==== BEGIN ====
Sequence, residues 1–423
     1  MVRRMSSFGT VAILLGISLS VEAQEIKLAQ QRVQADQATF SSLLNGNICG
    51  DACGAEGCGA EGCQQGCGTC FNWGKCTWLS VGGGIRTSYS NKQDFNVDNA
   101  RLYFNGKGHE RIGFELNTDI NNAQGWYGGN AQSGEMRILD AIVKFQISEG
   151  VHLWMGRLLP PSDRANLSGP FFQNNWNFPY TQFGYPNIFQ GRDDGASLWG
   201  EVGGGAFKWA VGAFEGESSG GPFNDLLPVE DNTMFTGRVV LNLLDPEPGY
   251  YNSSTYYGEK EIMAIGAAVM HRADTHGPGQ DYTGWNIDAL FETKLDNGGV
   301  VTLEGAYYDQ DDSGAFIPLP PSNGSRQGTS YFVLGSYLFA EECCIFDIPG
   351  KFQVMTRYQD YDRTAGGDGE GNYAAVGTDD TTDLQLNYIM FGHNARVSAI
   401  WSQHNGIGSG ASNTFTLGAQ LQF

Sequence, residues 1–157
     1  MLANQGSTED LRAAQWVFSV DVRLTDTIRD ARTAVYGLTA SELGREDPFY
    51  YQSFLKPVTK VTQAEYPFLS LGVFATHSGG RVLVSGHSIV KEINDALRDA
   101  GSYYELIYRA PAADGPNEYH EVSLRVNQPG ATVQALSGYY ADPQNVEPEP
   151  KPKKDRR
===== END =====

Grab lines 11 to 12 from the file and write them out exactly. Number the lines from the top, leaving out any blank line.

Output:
Sequence, residues 1–157
     1  MLANQGSTED LRAAQWVFSV DVRLTDTIRD ARTAVYGLTA SELGREDPFY